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Canada is turning to migrants to fill critical gaps in labour market

Canadian employers are optimistic about the federal Government’s plans to attract more than 300,000 skilled migrants every year.

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A looming labour crisis has employers and industry worried about the effects it could have on smaller economic centers and the country as a whole.  According to new information as many as 1 in every 25 jobs in British Columbia, Canada’s Westernmost province, are never filled spurring employers to find talent off shore.

Research results from the Canadian Federation of Independent Business (CFIB) shows that the Canada doesn't have enough workers for all the jobs available.  According to CFIB's latest ‘Help Wanted Survey’, there are around 399,000 vacant jobs a situation which just continues to get worsen.

The research showed that all Canadian provinces were experiencing difficulty finding enough skilled employees.  Leading the pack is British Columbia, where 3.9 per cent of all jobs sat vacant in the latest report, up from 3.6 per cent three months earlier. Quebec's vacancy rate has also jumped to 3.4 per cent from 3.1 per cent.

With one of the world’s lowest unemployment figures of less than 6 per cent Canadian employers are turning their sights to immigrants and are headhunting some of South Africa’s best as the skill shortage intensifies and competition between employers to secure the best talent become stronger.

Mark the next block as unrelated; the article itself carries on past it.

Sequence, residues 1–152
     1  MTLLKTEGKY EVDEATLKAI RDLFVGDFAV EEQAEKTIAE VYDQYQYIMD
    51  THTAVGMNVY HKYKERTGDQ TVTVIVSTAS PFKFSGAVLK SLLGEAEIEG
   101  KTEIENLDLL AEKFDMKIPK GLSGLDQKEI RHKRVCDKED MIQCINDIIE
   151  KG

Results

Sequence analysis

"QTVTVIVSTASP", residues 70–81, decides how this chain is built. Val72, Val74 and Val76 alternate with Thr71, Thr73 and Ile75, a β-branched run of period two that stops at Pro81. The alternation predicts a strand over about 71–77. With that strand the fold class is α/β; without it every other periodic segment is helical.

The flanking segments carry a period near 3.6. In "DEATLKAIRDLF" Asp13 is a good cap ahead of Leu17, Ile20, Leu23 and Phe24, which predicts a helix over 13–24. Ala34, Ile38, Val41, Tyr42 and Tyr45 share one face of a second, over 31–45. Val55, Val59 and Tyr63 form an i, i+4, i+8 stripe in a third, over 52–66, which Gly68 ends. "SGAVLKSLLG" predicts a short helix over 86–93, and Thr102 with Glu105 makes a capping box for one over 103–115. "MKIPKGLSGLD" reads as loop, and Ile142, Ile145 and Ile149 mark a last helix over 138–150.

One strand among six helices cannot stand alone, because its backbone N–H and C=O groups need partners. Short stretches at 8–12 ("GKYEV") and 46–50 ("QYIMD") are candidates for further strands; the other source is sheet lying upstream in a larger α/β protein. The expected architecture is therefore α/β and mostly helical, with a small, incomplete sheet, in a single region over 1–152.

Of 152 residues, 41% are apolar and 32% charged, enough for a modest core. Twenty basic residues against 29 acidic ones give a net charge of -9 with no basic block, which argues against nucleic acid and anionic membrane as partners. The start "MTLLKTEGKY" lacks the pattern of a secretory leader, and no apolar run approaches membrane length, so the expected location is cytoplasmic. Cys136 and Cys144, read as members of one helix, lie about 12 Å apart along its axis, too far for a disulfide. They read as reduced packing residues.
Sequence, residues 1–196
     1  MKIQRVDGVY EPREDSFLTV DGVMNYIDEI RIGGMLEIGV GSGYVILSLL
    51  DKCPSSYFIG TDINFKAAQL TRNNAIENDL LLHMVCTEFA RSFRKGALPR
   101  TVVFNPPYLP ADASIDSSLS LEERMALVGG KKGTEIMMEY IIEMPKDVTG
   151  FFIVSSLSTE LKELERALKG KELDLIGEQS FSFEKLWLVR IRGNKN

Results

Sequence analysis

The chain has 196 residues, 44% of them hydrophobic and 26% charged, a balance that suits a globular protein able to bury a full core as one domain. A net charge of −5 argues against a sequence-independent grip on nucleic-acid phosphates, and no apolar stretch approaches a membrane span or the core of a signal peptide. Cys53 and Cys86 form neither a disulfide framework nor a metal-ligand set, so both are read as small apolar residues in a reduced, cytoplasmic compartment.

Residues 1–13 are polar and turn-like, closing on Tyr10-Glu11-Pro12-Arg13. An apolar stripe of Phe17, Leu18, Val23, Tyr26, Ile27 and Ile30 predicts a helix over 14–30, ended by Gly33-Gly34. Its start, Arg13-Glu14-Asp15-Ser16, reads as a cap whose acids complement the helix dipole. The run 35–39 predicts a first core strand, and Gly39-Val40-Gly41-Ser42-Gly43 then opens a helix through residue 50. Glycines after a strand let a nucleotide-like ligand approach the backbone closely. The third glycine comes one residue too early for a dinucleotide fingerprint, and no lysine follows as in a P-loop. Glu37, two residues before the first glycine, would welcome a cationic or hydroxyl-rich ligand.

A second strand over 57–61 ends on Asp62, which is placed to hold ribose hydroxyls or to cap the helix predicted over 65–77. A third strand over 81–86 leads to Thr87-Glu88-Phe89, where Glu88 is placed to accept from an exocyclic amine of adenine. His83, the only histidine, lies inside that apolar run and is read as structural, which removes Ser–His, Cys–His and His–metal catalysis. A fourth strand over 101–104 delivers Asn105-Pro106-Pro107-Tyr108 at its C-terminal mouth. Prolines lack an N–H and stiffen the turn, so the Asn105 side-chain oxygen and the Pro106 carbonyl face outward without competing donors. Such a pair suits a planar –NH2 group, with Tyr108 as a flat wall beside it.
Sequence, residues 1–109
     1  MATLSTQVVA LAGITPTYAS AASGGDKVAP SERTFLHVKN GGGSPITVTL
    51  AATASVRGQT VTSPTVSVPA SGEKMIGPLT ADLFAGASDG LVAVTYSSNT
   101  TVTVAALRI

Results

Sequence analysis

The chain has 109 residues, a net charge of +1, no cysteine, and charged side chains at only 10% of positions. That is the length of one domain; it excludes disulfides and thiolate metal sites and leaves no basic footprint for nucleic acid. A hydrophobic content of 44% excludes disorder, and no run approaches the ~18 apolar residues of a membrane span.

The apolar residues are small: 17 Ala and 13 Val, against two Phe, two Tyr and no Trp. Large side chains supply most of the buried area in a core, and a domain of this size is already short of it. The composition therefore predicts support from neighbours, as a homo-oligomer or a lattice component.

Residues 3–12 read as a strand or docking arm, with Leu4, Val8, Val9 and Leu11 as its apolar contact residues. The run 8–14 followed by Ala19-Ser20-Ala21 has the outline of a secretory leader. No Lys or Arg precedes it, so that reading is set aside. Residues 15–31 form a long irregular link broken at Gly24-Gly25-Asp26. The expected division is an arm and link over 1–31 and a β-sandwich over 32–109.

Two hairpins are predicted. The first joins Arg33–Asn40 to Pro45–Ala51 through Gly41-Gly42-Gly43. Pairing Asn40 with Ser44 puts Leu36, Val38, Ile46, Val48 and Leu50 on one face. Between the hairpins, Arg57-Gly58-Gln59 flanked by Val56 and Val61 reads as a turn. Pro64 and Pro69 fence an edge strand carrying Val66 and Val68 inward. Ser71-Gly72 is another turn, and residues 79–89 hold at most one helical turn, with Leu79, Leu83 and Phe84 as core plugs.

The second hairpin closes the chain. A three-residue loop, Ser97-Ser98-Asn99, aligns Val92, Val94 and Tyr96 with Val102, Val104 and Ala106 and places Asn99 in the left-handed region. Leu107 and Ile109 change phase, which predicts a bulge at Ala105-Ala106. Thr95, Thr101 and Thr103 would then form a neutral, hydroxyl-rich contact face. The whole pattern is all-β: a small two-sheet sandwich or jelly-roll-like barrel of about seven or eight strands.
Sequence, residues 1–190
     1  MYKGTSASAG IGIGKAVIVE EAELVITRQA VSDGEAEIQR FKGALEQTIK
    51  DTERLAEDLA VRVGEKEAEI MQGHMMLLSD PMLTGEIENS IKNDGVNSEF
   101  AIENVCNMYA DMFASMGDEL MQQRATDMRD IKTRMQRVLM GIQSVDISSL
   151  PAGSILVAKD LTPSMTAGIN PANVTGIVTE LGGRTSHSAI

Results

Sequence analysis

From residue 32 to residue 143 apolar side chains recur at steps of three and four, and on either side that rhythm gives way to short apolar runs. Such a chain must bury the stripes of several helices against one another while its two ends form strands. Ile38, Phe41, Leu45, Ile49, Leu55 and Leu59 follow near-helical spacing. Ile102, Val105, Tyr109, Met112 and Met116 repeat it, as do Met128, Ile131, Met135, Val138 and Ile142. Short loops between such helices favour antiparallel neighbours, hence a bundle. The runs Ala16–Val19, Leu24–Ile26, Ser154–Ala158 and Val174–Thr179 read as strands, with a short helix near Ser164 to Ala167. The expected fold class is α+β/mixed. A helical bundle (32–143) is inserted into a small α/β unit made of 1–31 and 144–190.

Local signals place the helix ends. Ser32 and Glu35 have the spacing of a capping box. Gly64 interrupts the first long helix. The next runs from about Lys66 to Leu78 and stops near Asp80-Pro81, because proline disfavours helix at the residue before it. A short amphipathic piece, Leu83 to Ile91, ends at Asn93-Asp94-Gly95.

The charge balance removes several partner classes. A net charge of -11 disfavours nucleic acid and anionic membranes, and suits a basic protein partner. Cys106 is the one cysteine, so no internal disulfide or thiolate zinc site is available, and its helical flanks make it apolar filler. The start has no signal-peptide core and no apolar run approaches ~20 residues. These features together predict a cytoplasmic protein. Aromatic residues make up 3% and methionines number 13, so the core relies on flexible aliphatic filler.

Ted Mallett, vice president and chief economist at CFIB, said the current labour shortage is a "particularly troublesome" problem for small businesses.

"When a business of five people is missing one person, that's 20 per cent of its workforce," Mallett told HuffPost Canada. "That puts a significant crimp in their ability to offer products and services."

The vast majority of APAC recruiters (80%) believe skills shortages will be their top hiring challenge for 2020.

In another article published on ‘Human Resource Director’ the Bullhorn 2020 Global Recruitment Insights and Data (GRID), a survey of more than 2,000 global recruitment professionals, showed that almost half of Canadian employers believe the talent shortage in the Asia-Pacific countries is worse now than it was five years ago.

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The most jobs are in personal services, education, construction and STEMs

The CFIB report broke down job vacancies by broad occupational categories, and found that personal service workers (such as nurses and carers) and construction workers are in highest demand, with vacancy rates of 4.5 per cent and 3.7 per cent, respectively.

Further research continues to show a demand for teachers, technology experts, STEMs occupations  and certain key managerial positions.  Speak to your immigration consultant about a complete list of visa eligible occupations.

 

Source: Huffington Post Canada and Human Resource Director

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